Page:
|OpenLDAP Faq-O-Matic : OpenLDAP Software FAQ : Why is using the OpenLDAP server from a Linux distribution not recommended?|
|Even speaking as someone who helps (when he has time) to maintain packages
for a Linux distribution, for a serious server installation you are
probably best-off building OpenLDAP yourself or at least being prepared
to. You can do that based on the packaging done by your distribution,
ideally, but you still want to be prepared to update to the latest
I'd love to be able to provide a server with Debian releases that everyone could just use always, but realistically, it's very difficult to do. OpenLDAP is extremely well-maintained and vigorously-maintained software, and it's also very complex software, which means that any given release at any point in time has a potentially fairly significant set of undiscovered bugs (not to mention missing new important features). When making a Linux distirbution, you necessarily have to pick some release and freeze. That freeze point is generally chosen by some distribution release schedule rather than by anything related to OpenLDAP's development, and hence can often accidentally pick a bad version. But more to the point, after that freeze point, OpenLDAP moves on and the distribution cannot and still maintain its stability guarantees.
Distributions have a real challenge around fast-changing, vigorously-maintained software, which is that upgrading to newer versions is often desireable but also means introducing change into stable releases, which is exactly opposite to the point of release stability. Debian in particular takes a very hard line with this, keeping its stable distribution extremely stable and only updating it for security vulnerabilities and very significant bugs. In a lot of situations, this is what you want -- for example, in practice, it works fairly well for the client libraries. However, for the server, that means you get a server with a fairly large collection of known bugs, none of which are completely debilitating, but all of which collectively are often more than you should have to deal with.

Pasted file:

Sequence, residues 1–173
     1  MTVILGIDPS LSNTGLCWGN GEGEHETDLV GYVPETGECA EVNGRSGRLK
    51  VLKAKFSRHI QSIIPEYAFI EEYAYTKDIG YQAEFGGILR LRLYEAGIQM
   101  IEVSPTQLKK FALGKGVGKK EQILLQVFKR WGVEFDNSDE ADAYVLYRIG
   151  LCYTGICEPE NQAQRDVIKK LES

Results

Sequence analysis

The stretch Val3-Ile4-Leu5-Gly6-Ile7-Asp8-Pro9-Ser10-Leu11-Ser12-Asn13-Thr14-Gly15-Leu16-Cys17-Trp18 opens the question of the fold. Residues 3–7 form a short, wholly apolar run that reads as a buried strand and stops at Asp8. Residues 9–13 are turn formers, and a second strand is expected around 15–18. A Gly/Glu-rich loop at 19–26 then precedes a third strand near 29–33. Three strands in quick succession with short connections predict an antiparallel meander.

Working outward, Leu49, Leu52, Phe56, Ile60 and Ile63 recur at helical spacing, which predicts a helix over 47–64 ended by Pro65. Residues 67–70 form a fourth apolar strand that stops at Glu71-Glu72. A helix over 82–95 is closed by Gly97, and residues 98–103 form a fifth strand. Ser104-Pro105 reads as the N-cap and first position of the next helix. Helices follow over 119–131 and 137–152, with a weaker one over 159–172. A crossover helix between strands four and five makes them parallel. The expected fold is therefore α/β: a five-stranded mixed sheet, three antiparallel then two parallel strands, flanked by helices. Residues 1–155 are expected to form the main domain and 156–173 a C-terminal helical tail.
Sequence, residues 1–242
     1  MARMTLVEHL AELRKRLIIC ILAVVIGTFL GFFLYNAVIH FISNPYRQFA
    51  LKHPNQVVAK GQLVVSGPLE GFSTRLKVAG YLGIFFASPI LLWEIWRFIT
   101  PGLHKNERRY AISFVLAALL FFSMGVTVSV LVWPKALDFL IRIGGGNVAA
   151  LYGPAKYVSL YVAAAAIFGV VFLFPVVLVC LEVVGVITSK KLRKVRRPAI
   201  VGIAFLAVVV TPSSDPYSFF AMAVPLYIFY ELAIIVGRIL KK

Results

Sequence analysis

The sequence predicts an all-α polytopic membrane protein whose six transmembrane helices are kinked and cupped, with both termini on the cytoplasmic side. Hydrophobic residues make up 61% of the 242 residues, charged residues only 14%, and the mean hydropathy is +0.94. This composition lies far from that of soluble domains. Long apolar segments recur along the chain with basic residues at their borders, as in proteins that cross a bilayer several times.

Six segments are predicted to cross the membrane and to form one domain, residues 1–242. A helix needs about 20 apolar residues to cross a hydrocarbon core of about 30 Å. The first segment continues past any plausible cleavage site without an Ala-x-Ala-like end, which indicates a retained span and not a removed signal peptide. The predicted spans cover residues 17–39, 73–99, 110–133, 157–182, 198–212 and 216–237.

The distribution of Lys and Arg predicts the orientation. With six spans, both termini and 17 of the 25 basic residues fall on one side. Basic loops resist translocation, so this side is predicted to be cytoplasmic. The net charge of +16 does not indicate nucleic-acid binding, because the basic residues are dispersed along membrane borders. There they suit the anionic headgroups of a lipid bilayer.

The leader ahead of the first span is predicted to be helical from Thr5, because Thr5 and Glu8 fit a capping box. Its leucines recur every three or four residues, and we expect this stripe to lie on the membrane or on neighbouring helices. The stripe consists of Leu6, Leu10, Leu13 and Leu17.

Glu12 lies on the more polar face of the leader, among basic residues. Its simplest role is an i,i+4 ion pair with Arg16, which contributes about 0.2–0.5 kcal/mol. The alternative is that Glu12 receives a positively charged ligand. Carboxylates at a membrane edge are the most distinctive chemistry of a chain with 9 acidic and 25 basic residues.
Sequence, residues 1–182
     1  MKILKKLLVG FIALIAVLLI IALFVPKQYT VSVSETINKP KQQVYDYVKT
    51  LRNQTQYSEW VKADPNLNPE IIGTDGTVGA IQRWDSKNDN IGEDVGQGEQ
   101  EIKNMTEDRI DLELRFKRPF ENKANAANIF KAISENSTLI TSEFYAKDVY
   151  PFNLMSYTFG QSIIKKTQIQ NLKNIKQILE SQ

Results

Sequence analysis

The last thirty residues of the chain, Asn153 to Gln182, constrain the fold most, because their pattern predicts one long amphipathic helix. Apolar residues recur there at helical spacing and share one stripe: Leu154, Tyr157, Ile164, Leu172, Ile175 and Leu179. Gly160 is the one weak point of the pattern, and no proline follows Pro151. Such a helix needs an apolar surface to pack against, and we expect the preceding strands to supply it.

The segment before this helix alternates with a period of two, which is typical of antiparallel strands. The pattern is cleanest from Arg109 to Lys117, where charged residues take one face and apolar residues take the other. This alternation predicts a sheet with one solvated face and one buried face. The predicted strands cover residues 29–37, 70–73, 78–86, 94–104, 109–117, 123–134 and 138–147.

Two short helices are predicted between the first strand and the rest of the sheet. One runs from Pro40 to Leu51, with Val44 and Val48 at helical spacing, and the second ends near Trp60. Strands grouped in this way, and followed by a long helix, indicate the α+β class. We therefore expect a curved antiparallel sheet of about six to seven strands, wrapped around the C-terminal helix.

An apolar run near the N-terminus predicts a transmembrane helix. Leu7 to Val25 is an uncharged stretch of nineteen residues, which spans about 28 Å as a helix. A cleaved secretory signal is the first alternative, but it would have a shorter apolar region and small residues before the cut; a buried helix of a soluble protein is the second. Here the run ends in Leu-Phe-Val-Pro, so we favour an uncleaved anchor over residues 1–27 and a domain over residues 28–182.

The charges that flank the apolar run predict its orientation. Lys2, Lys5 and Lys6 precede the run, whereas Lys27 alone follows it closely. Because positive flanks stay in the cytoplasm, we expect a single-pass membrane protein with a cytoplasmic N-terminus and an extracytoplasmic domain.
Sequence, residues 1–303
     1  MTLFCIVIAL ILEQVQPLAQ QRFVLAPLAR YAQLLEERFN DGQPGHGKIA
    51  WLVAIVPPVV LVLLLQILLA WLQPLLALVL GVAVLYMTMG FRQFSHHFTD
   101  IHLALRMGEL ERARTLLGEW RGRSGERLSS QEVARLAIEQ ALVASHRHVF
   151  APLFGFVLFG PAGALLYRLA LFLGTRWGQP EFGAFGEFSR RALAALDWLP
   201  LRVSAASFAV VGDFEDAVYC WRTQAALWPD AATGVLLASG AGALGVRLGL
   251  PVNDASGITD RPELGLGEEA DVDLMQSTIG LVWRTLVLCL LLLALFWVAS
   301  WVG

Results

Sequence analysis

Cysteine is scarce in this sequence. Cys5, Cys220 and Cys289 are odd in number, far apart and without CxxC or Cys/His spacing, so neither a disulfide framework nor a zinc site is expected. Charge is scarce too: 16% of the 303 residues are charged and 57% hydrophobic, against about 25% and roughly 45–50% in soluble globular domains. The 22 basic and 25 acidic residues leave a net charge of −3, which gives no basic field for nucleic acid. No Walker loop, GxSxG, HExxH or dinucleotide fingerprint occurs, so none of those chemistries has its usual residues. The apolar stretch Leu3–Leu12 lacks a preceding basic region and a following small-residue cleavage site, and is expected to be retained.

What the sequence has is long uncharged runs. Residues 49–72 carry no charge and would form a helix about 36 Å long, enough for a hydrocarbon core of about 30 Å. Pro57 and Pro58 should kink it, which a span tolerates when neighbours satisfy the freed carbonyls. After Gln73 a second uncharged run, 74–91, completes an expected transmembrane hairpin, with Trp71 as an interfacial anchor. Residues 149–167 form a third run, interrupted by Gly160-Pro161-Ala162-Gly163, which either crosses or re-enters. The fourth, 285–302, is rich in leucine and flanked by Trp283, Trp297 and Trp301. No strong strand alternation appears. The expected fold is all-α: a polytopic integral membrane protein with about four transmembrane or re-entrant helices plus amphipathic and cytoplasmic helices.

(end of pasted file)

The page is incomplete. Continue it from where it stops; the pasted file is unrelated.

Furthermore, just because Red Hat, or Debian, or Ubuntu, or any other distribution picked some OpenLDAP version that happened to coincide with their release cycle, that doesn't mean that the OpenLDAP project should have to support it forever. That isn't at all fair to the OpenLDAP developers, who have moved on and fixed all those bugs and are now working on other things. That means that when you're running the distribution version, you're frequently not running something that anyone on the OpenLDAP lists can really support, and the first step in getting to a supportable installation is to upgrade to the latest version. Again, the server tends to be more of an issue than the client libraries simply because it changes more.
What this realistically means is that I hope that the server that ships
with any given Debian stable release is useful for small projects, small
sites, and people who just need a simple LDAP server, and hence aren't
likely to exercise most of the edge cases where bugs have since been
fixed. However, if you have a large site, a complicated installation, or
problems for which you need to seek help here, the first thing people are
likely going to want you to do is to update to a current version, and
that's entirely reasonable.
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